To determine the suitability of the implant for applications related to the biomedical field, surface properties other than wettability are also important, for example, surface roughness and surface chemistry. (5,47) Therefore, to gain further information on the suitability of the chitosan/AgSr-HA composite coatings for biomedical applications, the average surface roughness of the 316L SS and chitosan/AgSr-HA composite coatings was measured. The surface roughness measurements yielded the average surface roughness of 0.2 ± 0.1 μm for 316L SS and 1.2 ± 0.2 μm for chitosan/AgSr-HA coatings. EPD process causes a significant increase in the average surface roughness of the chitosan/AgSr-HA coatings. Similar observations were made in the literature, where it was shown that chitosan/HA coatings increased the surface roughness five times compared to that of the substrate. (45) Recently, Ureña et al. (48) showed that the average surface roughness in the range of 1.2–1.5 μm is favorable for the attachment and proliferation of bone marrow stromal cells (ST-2). Therefore, wettability and average roughness of chitosan/AgSr-HA coatings would be better for cells and protein attachment for bone regeneration applications.

3.6. Antibacterial Studies

Silver was substituted in HA to obtain an antibacterial effect. Thus, the effect of the release of silver ions under physiological conditions was evaluated for the antibacterial effect. The antibacterial effect of the chitosan/AgSr-HA coatings was determined by the agar disk diffusion test, as shown in Figure 5. The chitosan/AgSr-HA coatings developed a zone of inhibition around the sample against Gram-negative (E. coli) and Gram-positive (S. carnosus) bacteria. In contrast, chitosan coatings did not develop an inhibition zone (control sample, figure not shown here). The antibacterial effect of chitosan/AgSr-HA coatings was thus attributed to the release of silver ions from the HA complex. However, in this study, the release of silver ions was not evaluated quantitatively, thus leaving an important task for the future.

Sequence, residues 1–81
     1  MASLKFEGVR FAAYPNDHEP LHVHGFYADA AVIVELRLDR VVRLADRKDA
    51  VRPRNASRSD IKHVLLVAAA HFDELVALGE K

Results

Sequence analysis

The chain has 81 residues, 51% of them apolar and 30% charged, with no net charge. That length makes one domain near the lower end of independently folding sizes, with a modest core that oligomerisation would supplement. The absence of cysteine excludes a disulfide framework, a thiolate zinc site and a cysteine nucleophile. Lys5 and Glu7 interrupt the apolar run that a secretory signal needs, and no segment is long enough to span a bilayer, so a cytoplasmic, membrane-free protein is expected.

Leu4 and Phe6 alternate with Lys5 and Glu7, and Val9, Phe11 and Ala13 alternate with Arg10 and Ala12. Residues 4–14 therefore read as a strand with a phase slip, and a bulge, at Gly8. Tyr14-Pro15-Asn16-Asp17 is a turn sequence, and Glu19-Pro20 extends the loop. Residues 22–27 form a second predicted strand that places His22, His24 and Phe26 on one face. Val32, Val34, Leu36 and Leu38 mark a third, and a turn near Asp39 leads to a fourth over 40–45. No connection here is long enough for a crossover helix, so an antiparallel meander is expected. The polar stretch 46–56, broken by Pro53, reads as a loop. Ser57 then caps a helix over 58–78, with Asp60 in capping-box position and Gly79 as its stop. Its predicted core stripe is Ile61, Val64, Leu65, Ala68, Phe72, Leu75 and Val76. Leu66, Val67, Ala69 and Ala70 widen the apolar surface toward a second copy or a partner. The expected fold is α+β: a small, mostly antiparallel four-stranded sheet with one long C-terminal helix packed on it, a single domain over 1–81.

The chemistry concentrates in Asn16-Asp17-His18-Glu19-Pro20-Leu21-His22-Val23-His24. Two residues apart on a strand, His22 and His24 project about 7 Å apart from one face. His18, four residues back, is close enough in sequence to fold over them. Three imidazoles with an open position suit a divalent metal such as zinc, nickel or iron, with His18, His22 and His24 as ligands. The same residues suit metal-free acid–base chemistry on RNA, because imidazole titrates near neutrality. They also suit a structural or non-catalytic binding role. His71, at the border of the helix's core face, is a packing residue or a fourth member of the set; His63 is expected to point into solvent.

Figure 5

Figure 5. Inhibition halo tests for the chitosan/AgSr-HA composite coatings with (A) E. coli and (B) S. carnosus.

The antibacterial effect associated with chitosan/AgSr-HA was due to the release of silver ions from the chitosan matrix. The chitosan matrix has been shown to degrade in the physiological environment, (3) thereby causing the ions to release from the HA complex. The silver in the HA complex is usually in the metallic form, however, it changes to the ionic form upon exposure to the physiological medium. (4) The ionic silver is highly electropositive and highly reactive toward the electron donor species. It has been reported in the literature that the silver ions may cause the cytoplasm membrane to detach from the cell wall (49) and the morphology of the bacterial cell membranes was also shown to change due to the silver ions. (50) Moreover, the ionic silver may rupture the walls of the bacteria and enter the membrane, hindering the DNA replication activity, which may lead to the death of the bacteria. (9,49)

3.7. In Vitro Bioactivity